Already a Bloomberg.com user?
Sign in with the same account.
Andrea Jung woke up on Jan. 3, 2002, to potential disaster. The Argentine peso had been devalued, the economy was reeling, and Avon Products Inc. (AVP
), the company Jung heads, was going to feel the pain: New York-based Avon relies on Argentina for 5% of its sales. Jung had promised investors earnings of $2.30 a share, and in one devastating moment 5 cents per share had been wiped out. A few months later, Brazil, another important market, went through a similar crisis.
Jung and her No. 2, Chief Operating Officer Susan J. Kropf, have faced quite a few international business and currency challenges since their promotions in late 1999. "There hasn't been an easy quarter since I took over," says Jung, 44. Even so, Avon's stock price climbed 19% in 2002, compared with an average 2% drop for personal-products stocks.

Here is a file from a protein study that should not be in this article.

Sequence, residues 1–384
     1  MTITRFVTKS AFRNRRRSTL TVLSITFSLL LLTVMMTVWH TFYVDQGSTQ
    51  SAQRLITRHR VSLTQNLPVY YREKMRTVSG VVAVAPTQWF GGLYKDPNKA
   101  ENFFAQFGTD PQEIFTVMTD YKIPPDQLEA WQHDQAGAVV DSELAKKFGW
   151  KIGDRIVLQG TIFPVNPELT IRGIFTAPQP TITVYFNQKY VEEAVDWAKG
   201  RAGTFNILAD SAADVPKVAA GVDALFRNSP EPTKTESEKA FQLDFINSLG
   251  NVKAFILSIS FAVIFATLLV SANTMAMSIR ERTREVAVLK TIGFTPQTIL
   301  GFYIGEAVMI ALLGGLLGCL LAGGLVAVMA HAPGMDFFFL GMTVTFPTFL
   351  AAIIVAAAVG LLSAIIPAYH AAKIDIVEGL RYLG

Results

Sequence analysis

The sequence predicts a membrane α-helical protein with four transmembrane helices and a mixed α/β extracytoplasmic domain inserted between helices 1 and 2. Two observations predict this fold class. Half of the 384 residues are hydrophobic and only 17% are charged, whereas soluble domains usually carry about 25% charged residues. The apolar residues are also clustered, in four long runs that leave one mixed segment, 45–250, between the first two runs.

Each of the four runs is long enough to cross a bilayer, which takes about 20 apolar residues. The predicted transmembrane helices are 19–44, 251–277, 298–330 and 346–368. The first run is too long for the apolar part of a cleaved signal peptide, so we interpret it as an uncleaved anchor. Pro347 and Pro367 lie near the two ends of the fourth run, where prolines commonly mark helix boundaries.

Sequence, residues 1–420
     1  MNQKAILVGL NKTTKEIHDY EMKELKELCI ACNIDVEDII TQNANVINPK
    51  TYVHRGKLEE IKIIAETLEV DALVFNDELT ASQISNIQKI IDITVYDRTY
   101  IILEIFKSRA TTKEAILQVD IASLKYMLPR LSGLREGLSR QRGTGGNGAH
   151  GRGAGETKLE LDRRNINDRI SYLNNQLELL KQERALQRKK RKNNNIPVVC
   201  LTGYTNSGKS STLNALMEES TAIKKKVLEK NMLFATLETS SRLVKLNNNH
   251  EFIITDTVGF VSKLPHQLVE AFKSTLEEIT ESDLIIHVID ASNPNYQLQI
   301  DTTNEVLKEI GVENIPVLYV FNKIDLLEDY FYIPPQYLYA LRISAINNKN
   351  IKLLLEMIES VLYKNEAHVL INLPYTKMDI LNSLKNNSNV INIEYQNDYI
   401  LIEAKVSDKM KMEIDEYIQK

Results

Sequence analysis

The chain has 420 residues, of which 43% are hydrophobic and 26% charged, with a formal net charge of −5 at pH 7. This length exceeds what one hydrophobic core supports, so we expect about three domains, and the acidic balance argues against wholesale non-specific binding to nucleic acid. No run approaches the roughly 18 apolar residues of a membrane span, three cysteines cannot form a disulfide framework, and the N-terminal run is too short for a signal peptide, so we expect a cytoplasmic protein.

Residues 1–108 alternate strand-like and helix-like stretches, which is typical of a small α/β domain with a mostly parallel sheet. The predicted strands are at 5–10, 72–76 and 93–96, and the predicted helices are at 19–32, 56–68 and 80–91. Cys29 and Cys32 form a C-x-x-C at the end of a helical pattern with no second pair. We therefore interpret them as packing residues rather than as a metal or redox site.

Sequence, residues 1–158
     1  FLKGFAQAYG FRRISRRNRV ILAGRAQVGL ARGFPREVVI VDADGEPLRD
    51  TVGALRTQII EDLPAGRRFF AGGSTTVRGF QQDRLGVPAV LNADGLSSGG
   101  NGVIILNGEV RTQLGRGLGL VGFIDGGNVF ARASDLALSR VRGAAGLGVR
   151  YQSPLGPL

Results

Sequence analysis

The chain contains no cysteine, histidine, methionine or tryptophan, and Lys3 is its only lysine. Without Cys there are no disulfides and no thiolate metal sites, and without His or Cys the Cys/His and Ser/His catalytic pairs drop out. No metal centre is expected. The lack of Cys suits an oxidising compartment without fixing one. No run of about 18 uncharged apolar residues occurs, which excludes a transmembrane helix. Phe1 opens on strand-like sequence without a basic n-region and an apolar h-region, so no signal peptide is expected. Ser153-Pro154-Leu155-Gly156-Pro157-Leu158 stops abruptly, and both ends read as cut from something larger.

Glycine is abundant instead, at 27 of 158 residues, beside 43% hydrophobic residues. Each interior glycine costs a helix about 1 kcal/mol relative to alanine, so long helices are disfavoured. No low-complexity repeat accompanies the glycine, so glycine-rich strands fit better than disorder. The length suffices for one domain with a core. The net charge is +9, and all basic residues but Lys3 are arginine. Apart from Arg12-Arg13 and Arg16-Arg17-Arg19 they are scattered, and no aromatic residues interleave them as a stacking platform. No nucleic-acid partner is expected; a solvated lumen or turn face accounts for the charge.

While Jung has updated the Avon product line and launched new ads featuring tennis stars Venus and Serena Williams, it was the more mundane changes that helped Avon overcome its South American problems while improving gross margins. An internal overhaul, which Kropf is overseeing, has already cut 10 days off its inventory turns, reduced product development cycles by more than 40%, and should trim total costs by $230 million during the next three years. "It's never over," says Kropf, 54, a 32-year Avon veteran. "You just keep jumping the bar."
Argentina was ugly, but Avon has done beautifully in many overseas markets in 2002. Central and Eastern Europe is now a $500 million market. Sales in China have increased 30%. And the number of Avon reps in the U.S. is growing for the first time in years. That's a cosmetic improvement that really means something.KEY ACCOMPLISHMENTS
-- 2002 will be Avon's third consecutive year of double-digit EPS growth
-- The number of active representatives is also growing--up 10% in the most recent quarter